Here’s something that didn’t make the cut in Baby Boomer Army Brat. In my first draft, I started all the way back, when our ancestors came to America. It quickly became clear that was just way too much information. The memoir now starts with Dad and Mom getting married, just before World War II.
“C’mon George, you’re holding us up!”
The parents of my great-great-grandfather, George Wagner, probably yelled something similar to him as they waited to board their ship from Germany to their new life in the United States, probably in the early 1850s.
It was no casual picnic. The family had been setting aside money for years for the trip to the fabulous New World and the new opportunities that waited in the US. We don’t know how many Wagner relatives came, but families were large in those day. It cost over a third of a worker’s annual income to bring an average-sized family to the US. With the limited space onboard a trans-Atlantic vessel, the Wagners would have carefully planned what they could bring on board. They had room for only the bare necessities, such as a few changes of clothes, tools, a family Bible, a few other small family heirlooms, basic hygiene items, and, if they’d been forewarned about the horrid food onboard, a small stockpile of their favorite foods that would keep for a while.
The family left from Bense, Bavaria, in southern Germany. After having having said goodbye to their friends and other family members, they would have taken a train to Hamburg and then made their way to the bustling departure port. While they could have smelled the dirty water, they couldn’t board the ship yet. They had to pass a series of medical examinations, which sometimes held up travelers for a week or so for physical exams and awaiting results of lab tests.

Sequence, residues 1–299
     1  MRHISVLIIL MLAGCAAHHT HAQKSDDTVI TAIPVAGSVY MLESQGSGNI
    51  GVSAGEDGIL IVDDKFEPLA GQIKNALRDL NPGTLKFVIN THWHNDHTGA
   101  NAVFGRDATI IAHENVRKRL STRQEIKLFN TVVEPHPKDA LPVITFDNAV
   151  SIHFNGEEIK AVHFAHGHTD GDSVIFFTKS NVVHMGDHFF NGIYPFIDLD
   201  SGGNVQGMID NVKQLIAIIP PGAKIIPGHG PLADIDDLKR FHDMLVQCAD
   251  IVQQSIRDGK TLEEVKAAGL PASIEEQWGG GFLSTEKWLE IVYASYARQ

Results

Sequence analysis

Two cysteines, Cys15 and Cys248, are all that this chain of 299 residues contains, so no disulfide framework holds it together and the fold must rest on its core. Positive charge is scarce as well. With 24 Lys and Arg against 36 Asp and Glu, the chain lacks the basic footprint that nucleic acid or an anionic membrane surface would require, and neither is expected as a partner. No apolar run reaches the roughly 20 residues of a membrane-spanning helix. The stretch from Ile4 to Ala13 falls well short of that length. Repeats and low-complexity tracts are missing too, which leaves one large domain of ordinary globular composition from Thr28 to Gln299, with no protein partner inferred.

The trip itself would have been an awful, disgusting voyage characterized by seasickness, inadequate food, lack of privacy, cramped living quarters, vomit on the decks, and disease. The experience could stretch on for what seemed like an eternity. Up until the 1850s, most emigrants from Germany traveled on sailing ships, with an average voyage to the US taking forty-three days. Later, steamships shortened the voyage to 12-14 days. Living conditions on board were primitive. Passengers had to sleep in narrow bunks below deck. During storms, the door from the outside deck would be locked, leaving them with little light or fresh air. The stench of vomit and overflowing chamber pots was overwhelming. Constant jostling from weather and waves made even standing difficult on many days. On the worst days, passengers could not even stay in bed to sleep, tossed about and sliding over vomit and God only knows what else on the cabin floor.